In a postscript to my last Blog:
I concluded that the power consumption of the Wemos ESP8266 during Deep Sleep was negligible - around 227 microAmps. This includes the current drawn by the USB-Serial interface and extra current drawn by the battery monitoring resistor chain.
This represents 22.7 mAh over 100 hours and is pretty negligible when set against a 2400 mAh battery. Therefore, anything that could be done to shorten the execution time of the sketch should be beneficial.
My only Wemos d1 mini is currently running a long term battery life test.However, I have a Witty ESP8266 which I can use to investigate whether I can shorten the execution time of the sketch.
Experiment 1 - Removal of Diagnostic Messages
The original sketch contained an abundance of diagnostic messages intended for output to Arduino IDE serial monitor. Obviously when the device is operating on battery, these messages are going nowhere but are presumably taking time to execute and, possibly, using extra power by driving the USB-serial interface.
I commented out all the diagnostic messages and uploaded the sketch to a Witty. My first attempt was a failure because the Wemos d1 and the Witty are not completely pin compatible and I picked the wrong Pin for the GPIO16 WakeUP to Reset pin jumper. After a bit of squinting to read the pin labels, I sorted that out and let the Witty run for 60 readings. Inspecting one of the log files, I could see that the time interval between readings was typically 59 seconds and sometimes 58 seconds. In fact, 60 readings took 58 minutes 48 seconds instead of 1 hour. This means that I need to shorten the Sleep Time correction factor by 1 second.
Experiment 2 - Stop listening to the Server Response
When the data has been posted to the server (or even if the posting fails), the Server replies with a substantial message, which the sketch was listening to and then copying to the serial interface for diagnostics. What happens if we stop listening to this message?
I commented out this section of the code and reduced the Sleep Time correction factor by 1 second - now 4 seconds - as in Experiment 1, above..
After running the Witty for only a few readings I could see that time interval was now around 56 seconds and the LED indicating that a reading was being taken was just a flash, not 4 seconds of continuous illumination. So I have shortened the execution time by ignoring the server response. This also reduces the length of time for which the LED is on - a further power saving?.
I removed the sleep time correction factor completely, recompiled and repeated the test. After running the Witty for 60 readings, I could see that the interval between readings was now frequently LESS than 1 minute and that 60 readings now took about 59 minutes 40 seconds!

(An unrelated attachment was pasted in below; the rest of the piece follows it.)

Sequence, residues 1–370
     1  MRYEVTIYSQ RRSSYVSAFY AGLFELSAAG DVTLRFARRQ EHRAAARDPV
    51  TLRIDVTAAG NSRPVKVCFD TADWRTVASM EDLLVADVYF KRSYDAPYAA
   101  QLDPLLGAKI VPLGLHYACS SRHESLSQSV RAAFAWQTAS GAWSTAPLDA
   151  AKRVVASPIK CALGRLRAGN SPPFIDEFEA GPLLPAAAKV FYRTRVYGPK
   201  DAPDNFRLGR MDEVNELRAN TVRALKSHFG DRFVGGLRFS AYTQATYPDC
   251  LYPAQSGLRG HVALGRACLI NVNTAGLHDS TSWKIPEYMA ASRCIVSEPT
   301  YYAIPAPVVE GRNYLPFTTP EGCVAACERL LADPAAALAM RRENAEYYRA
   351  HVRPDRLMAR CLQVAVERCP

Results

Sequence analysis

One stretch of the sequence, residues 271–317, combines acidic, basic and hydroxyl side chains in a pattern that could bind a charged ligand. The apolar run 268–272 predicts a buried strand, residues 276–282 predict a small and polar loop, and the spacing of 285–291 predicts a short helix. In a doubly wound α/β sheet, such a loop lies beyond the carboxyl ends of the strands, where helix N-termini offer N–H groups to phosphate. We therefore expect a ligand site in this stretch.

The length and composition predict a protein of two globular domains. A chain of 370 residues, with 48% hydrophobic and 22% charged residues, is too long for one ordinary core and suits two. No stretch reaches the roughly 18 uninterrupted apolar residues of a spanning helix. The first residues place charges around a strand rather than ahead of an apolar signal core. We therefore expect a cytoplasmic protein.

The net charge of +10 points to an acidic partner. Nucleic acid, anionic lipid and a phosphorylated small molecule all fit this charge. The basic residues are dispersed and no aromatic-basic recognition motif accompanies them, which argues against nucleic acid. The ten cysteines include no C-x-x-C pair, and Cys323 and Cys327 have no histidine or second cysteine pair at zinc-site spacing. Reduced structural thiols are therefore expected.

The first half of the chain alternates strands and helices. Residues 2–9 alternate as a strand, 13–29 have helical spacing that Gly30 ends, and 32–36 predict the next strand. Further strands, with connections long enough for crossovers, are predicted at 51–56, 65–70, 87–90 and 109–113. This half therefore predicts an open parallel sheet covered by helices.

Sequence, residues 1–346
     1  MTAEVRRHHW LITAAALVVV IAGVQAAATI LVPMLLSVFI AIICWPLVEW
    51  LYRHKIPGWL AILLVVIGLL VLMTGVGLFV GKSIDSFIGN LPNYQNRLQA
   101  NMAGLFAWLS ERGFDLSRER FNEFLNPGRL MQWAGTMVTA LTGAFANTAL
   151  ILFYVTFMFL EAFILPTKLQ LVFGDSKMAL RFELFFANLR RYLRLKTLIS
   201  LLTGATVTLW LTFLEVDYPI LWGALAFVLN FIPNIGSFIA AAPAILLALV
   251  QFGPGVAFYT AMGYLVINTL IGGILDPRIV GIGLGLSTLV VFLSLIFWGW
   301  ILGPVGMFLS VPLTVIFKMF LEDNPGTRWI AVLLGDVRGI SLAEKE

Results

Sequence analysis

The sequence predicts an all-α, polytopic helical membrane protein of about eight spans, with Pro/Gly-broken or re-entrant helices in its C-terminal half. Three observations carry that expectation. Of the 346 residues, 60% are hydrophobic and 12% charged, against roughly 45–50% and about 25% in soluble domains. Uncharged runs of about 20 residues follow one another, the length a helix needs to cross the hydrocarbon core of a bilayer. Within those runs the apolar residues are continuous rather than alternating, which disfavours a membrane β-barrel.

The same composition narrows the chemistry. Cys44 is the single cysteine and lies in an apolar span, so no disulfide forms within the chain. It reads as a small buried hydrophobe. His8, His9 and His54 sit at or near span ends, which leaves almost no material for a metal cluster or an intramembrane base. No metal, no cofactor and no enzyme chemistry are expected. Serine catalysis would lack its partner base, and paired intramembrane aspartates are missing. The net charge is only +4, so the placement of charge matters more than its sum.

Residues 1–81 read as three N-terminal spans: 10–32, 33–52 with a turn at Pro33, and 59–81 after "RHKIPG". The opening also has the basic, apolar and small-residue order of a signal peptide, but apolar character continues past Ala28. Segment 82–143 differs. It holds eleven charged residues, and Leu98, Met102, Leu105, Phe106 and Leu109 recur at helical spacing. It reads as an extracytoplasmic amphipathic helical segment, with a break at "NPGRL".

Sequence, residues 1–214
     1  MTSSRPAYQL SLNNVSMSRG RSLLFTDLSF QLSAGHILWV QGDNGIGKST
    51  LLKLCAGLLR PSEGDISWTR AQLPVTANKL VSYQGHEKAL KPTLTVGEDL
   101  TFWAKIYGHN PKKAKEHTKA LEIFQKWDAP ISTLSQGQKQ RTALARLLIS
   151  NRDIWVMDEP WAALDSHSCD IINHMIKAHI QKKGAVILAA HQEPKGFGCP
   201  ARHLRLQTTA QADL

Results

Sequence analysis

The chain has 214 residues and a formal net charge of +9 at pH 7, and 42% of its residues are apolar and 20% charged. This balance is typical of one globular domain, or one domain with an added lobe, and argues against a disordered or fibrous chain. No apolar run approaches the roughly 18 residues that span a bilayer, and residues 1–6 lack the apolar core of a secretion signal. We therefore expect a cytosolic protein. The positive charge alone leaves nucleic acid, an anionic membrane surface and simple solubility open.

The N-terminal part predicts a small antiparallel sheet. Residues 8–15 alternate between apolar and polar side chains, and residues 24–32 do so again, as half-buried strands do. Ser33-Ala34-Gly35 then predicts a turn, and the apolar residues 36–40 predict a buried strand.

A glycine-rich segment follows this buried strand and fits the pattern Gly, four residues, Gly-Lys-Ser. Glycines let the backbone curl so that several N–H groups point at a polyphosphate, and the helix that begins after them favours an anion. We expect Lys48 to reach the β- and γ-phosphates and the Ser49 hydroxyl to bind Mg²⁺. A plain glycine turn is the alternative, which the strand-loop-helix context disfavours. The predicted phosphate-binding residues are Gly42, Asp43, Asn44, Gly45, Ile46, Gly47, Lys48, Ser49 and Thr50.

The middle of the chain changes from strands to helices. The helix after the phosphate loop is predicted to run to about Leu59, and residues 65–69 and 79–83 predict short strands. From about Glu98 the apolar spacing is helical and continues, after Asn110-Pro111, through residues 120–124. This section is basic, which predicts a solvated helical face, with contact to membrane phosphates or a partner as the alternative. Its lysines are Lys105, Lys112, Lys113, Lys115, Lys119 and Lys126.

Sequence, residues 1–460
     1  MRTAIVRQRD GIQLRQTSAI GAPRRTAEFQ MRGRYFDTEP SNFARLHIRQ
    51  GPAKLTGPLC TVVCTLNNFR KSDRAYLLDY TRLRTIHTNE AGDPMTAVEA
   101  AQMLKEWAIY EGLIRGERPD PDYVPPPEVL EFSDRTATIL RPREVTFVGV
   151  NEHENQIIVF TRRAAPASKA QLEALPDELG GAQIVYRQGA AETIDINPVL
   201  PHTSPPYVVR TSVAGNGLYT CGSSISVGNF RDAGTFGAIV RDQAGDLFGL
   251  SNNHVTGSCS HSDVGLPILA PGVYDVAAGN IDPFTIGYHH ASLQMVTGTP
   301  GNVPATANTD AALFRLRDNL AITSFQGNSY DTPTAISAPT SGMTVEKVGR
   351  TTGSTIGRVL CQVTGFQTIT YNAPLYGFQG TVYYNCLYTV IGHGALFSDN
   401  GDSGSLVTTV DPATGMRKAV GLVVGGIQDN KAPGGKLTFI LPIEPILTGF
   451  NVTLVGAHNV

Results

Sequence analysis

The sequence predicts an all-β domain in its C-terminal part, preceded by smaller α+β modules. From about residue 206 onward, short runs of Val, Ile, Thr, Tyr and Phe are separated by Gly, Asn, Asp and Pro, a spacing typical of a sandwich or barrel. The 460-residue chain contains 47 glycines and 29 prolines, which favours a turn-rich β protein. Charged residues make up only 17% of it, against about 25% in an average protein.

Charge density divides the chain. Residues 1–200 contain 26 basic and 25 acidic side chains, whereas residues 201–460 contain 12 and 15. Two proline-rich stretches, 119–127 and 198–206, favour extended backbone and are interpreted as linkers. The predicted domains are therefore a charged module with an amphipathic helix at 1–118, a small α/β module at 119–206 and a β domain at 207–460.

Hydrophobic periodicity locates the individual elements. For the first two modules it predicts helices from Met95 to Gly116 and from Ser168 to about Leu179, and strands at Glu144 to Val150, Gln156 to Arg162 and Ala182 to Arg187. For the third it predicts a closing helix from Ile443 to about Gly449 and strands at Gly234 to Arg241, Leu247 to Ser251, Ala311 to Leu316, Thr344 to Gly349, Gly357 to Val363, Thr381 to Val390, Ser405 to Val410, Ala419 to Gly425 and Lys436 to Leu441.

Somewhat confused, I consulted Mr Google and soon discovered that the Sleep Timer is not very precise - not the best crystal. The suggestion was to trim the Sleep Time to achieve the desired value. However, before I get into that, I have one further software change to try.
Experiment 3 - Don't start the Serial Interface
The first thing the sketch does in setup() is:
I think a delay after Serial.begin is fairly traditional!
Commenting these out will slightly shorten the execution time. I modified accordingly and ran a test.
After a few minutes I checked one of the log files and found that the time interval between readings appears to be slipping consistently by around 0.5 seconds per reading. I decided to let this run for 100 readings before calculating a correction factor and modifying the sketch accordingly. Over the period of 100 readings, the time lost was 41 seconds, so the correction factor should be 41 / 99 = 414 mSecs (this may be excessively precise!.)
I modified the sketch to incorporate this correction factor and ran another test for a much longer period - necessary since we are looking for a much smaller potential error in each interval. Over around 550 readings, the interval between readings is almost consistent at 60 seconds. Now and again a 61 second interval appears, usually, but not always, followed sometime later by a 59 second interval. Over the 550 readings, the total time slip is 4 seconds.
A more important consideration is what will happen to the actual time interval between readings if we set the sleep time to be 5 minutes? The sketch takes a finite time to execute - maybe a second or two - and yet a sleep time of 1 minute results in a time interval between readings of approximately 59.5 seconds, unless we include a correction factor. This implies that the real error in sleep time is actually greater, perhaps more than 1.5 seconds in 1 minute. So, setting the sleep time to 5 minutes could result in a much bigger error.
Modifying the sketch and setting the Witty off on another long term test which I will report on later.
Meanwhile, the final version of the sketch, as described above, will be uploaded to the Wemos d1 and another long term battery test set off. Again I will report on the results of this much later!
Watch this space......